It is 1968. Lynnie, a young white woman with a developmental disability, and Homan, an African American deaf man, are locked away in an institution, the School for the Incurable and Feebleminded, and have been left to languish, forgotten. Deeply in love, they escape, and find refuge in the farmhouse of Martha, a retired schoolteacher and widow. But the couple is not alone-Lynnie has just given birth to a baby girl. When the authorities catch up to them that same night, Homan escapes into the darkness, and Lynnie is caught. But before she is forced back into the institution, she whispers two words to Martha: "Hide her." And so begins the 40-year epic journey of Lynnie, Homan, Martha, and baby Julia-lives divided by seemingly insurmountable obstacles, yet drawn together by a secret pact and extraordinary love.
For event information, or to order a copy of "The Story of Beautiful Girl," click here: http://www.watermarkbooks.com/event/rachel-simon
February 17. 6:00 p.m. - Lois Ruby will be here for a book signing for "Steal Away Home."
Lois will be in Wichita in conjunction with the African American Catholic Council conference (held at Newman University on February 18th) titled: "Weaving a Fabric of Faith: Our Common Thread."
February 25, 26 & 27. Watermark Books & Café will be closed for inventory.
March 12. 7:00 p.m. - T.C. Boyle reading and signing for "When the Killing’s Done." (Event 3 of the Penguin Author Series) Principally set on the wild Channel Islands off the coast of California, T.C. Boyle's new novel is a gripping adventure with a timely theme. Alma Boyd Takesue is a National Park Service biologist spearheading the efforts to save the islands' native creatures from invasive species. Her antagonist, Dave LaJoy, is a local businessman who is fiercely opposed to the killing of any animals whatsoever and will go to any lengths to subvert her plans. As their confrontation plays out in a series of scenes escalating in violence, drama, and danger, "When the Killing's Done" relates a richly humane tale about the dominion we attempt to exert, for better or worse, over the natural world.
For information about the T.C. Boyle event or the entire Penguin Author Series, click here: http://www.watermarkbooks.com/penguin-author-series
March 16. 7:00 p.m. - Joanne Fluke reading and signing of "Cinnamon Roll Murder."
When Hannah learns that the Cinnamon Roll Six jazz band will be playing in Lake Eden, Minnesota, she bakes up a supply of their namesake confections to welcome them. But tragedy strikes when their tour bus overturns on its way into town. But minor injuries for the keyboard player turn deadly when someone plunges surgical scissors into his chest. Joanne Fluke is the New York Times bestselling author of the Hannah Swensen mysteries, which include "Apple Turnover Murder," "Cream Puff Murder," "Carrot Cake Murder," and the book that started it all, "Chocolate Chip Cookie Murder." Like Hannah Swensen, Joanne Fluke was born and raised in a small town in rural Minnesota, but now lives in Southern California. Visit her website at www.MurderSheBaked.com for more information.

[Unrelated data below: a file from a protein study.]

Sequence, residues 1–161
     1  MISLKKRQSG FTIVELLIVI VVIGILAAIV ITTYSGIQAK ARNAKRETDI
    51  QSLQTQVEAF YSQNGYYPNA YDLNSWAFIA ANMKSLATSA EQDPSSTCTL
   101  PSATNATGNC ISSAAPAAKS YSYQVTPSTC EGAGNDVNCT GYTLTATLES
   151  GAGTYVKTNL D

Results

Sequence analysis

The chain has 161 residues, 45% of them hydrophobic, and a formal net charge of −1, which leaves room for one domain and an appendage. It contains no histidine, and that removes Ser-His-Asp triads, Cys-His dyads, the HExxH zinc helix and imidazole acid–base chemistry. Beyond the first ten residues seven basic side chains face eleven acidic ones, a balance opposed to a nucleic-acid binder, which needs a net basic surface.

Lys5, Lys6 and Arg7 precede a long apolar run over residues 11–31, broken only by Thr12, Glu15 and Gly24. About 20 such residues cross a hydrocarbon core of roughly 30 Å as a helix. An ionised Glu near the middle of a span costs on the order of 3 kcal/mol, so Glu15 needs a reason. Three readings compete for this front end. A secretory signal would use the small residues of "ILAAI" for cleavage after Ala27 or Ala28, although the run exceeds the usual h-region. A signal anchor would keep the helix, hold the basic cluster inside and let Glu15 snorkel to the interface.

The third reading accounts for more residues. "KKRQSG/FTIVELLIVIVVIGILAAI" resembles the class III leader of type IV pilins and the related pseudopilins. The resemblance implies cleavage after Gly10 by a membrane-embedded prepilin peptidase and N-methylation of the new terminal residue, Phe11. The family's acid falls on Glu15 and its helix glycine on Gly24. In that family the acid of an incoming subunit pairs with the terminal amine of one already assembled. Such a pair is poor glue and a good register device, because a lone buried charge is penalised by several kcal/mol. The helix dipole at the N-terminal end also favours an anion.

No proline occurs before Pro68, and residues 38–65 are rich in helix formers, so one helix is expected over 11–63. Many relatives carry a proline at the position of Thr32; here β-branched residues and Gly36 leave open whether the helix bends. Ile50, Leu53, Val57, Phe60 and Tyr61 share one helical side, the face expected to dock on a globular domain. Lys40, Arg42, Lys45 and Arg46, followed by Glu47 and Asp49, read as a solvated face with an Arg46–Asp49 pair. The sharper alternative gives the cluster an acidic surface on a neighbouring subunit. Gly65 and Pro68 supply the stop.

For event information, or to order a copy of "Cinnamon Roll Murder," click here: http://www.watermarkbooks.com/event/joanne-fluke
March 23. 7:00 p.m. - Joe Cobb and Leigh Anne Taylor reading and book signing for "Our Family Outing: A Memoir of Coming Out and Coming Through".
"Our Family Outing: A Memoir of Coming Out and Coming Through" is the story of a gay man, a straight woman and their journey through marriage, children, coming out, divorce, healing, reconciliation - and creating a new way of being a family. This unique love story, presented in two narrative voices, is the story of...
* hope for families who are dealing with the coming out of a gay family member,
* love that is stronger than the death of a marriage,
* healing for families of faith who are hurting as someone they love acknowledges their true sexual orientation,
* forgiveness for self and others,
* peace, as a man and a woman whose vow to "speak and act in loving ways toward one another and about one another" for the sake of their children, paves the way for peace in family life,
* responsibility, as a man and a woman resist the temptation to assign blame but rather take responsibility for themselves, theirs choices, their past, present and future,
* release of prejudice, discrimination, rejection, pride, guilt, and childhood wounds,
* acceptance of mystery and unanswerable questions,
* memory as a pathway to coming out and healing from guilt and shame,
* determination to live with love as the bottom line, no matter what,
* joy in the unfolding of what family life can be.
March 24. 2:00 p.m. - Ally Carter reading and signing for "Out of Sight, Out of Time."